•    Thousands of sheep, buffalo, and goats in India died after grazing on Bt cotton plants
•    Mice eating GM corn for the long term had fewer, and smaller, babies
•    More than half the babies of mother rats fed GM soy died within three weeks, and were smaller
•    Testicle cells of mice and rats on a GM soy change significantly
•    By the third generation, most GM soy-fed hamsters lost the ability to have babies
•    Rodents fed GM corn and soy showed immune system responses and signs of toxicity
•    Cooked GM soy contains as much as 7-times the amount of a known soy allergen
•    Soy allergies skyrocketed by 50% in the UK, soon after GM soy was introduced
•    The stomach lining of rats fed GM potatoes showed excessive cell growth, a condition that may lead to cancer.
•    Studies showed organ lesions, altered liver and pancreas cells, changed enzyme levels, etc. (Source: website here; see here)

We like to play God, and as a result, we do things that God likely never intended.  Some things may bring better health and advancement to society, but some things can just be plain frightening.  No wonder why cancer and autism rates have skyrocketed and infertility has increased.  What’s been killing the bee and butterfly populations around the world?  The end of the birds and the bees may spell an end to the human race as we know it.  We might never fully know the harms done to us as human beings until 50 years down the road when it’s all too late…and it’s irreversibly damaged our health and human genetics.

If we move into an age of Iron Man and Planet of the Apes, we will need strong morals and ethics to keep us from re-creating some really weird things before they’re introduced into our world.

God’s calling is really about God

jesusfishermenMany church-going Christians seem disengaged today… disengaged in the sense that we are not living out an engaged relationship with Christ within the church.  Most Christians never move from the pew to service; but God calls each Christian to move into some form of service to Christ within, and outside, the church.  God gives us an internal “spiritual” calling to love and serve the Lord.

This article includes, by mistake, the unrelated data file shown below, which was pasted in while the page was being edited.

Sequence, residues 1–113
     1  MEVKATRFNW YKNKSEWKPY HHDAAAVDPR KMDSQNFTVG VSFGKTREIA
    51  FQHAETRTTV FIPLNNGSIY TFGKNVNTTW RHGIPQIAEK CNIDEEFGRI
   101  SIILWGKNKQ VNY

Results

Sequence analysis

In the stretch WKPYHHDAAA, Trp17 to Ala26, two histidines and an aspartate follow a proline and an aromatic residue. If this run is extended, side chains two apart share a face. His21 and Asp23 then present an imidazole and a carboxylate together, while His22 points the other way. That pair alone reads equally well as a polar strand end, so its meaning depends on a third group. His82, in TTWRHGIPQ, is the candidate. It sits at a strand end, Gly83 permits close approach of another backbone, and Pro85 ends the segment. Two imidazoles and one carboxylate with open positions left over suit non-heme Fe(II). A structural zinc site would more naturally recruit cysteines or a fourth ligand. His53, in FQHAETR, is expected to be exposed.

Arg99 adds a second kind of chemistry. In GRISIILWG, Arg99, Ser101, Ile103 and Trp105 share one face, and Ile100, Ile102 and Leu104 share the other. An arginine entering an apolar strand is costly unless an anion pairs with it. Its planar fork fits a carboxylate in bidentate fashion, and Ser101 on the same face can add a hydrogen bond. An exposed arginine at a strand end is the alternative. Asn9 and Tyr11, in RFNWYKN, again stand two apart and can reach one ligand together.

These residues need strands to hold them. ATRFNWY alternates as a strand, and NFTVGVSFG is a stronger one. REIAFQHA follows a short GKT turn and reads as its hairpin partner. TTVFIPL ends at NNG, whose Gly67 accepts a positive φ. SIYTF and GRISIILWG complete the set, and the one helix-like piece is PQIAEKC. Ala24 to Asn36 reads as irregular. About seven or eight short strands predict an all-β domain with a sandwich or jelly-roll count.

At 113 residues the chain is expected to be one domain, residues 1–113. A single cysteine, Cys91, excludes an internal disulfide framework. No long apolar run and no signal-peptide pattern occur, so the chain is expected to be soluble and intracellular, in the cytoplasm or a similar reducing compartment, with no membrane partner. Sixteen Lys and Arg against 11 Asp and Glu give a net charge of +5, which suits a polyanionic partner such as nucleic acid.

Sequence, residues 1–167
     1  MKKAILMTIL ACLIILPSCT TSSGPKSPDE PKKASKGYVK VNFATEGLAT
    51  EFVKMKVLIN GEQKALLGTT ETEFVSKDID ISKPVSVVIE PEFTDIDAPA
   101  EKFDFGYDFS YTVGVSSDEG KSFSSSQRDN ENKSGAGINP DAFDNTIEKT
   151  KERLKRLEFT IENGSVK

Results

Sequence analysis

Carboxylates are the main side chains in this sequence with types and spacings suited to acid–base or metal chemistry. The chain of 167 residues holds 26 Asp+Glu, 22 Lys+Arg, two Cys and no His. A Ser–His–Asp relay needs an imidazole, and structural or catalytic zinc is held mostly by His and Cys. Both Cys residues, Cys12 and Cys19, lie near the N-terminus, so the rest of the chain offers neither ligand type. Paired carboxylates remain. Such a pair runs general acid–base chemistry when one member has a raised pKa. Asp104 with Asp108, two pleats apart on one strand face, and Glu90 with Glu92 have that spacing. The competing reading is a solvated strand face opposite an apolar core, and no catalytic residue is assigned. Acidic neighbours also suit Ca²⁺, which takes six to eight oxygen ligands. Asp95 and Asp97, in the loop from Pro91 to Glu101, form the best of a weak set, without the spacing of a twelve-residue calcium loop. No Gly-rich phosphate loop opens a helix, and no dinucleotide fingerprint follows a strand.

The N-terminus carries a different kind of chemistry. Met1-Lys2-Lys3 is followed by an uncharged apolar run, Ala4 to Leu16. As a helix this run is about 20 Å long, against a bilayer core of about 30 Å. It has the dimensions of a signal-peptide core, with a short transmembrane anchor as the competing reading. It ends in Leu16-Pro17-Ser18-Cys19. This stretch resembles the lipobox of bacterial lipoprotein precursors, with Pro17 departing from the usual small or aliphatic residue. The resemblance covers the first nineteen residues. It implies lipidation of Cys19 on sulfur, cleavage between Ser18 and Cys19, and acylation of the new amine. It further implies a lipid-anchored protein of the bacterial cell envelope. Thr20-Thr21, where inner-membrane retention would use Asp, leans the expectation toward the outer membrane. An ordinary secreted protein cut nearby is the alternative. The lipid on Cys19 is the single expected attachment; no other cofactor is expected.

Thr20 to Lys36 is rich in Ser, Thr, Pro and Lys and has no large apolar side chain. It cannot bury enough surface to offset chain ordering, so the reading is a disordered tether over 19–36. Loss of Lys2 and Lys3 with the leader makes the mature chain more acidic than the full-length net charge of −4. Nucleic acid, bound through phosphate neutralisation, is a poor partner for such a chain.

Many Christians become wrapped up in fear and a sense of inadequacy, and put up a wall between God and his calling. We feel more comfortable keeping God and His calling a safe distance from ourselves.  Why? Because we’ve been deceived  into thinking that it ought to begin with ourselves.  Today’s popular theology unwittingly teaches that this calling is about us… but it’s really NOT about us.  We are only participants but we act like we are the “star players in the game” of service and ministry.

One reason for our fears of inadequacy is that we think we have to measure up to God’s standards of holiness.  God’s calling is a holy calling.  We haven’t seriously considered God’s holy calling for what it really is because we think we have to first measure up to God’s standard of holiness.  The truth is: we don’t measure up, and no one ever will.  But God has already taken that into consideration and given us enough grace to walk into this calling and see it to completion. Jesus called some rough and simple fishermen like Peter, James, John and Andrew into the ministry, didn’t he?

God’s salvation was given to us and made possible when he cleansed us of our sins. So the holiness that God expects is not due to our own conduct or actions.  It is not due to our good works or good deeds.  God’s work of sanctification is not the same thing as our life of walking in God’s holy and righteous laws.  Our human acts of love, mercy, kindness, etc. are already expected of all followers of Jesus. It’s a given.  It was expected when we first came into a love relationship with God in Christ. We should be compelled to obey because He has been so gracious and loves us so much.  We can never repay God for his gift of forgiveness.

So how can we, as sinful human beings, possibly match up to God’s standards of holiness? We can’t.  First and foremost, it is really about God’s work of cleansing of our sins.  Only God can make us holy.  That’s what Paul is talking about when he talks about the gift of forgiveness by grace through faith.  It starts from God. It is ONLY God who makes it possible.  It’s all about God—and it is NOT about us.

Paul said in Ephesians 2:9, “For it is by grace you have been saved, through faith —and this is not from yourselves, it is the gift of God— not by works, so that no one can boast.”  If God’s call to salvation began with God, then he will also complete the calling to serve Him.  Paul said: “being confident of this, that he who began a good work in you will carry it on to completion until the day of Christ Jesus” (Philippians 1:6).

If God calls each of us to be engaged with the Lord’s kingdom work and service, then we can ask the Lord to help cast our fears aside to have faith that God will empower us for service in His love.  God wants us to simply obey and follow him, and when we fail or fall, we get up and start again. God enables us to serve in His God-given holiness; then, God enables and empowers us through his Spirit and gifts.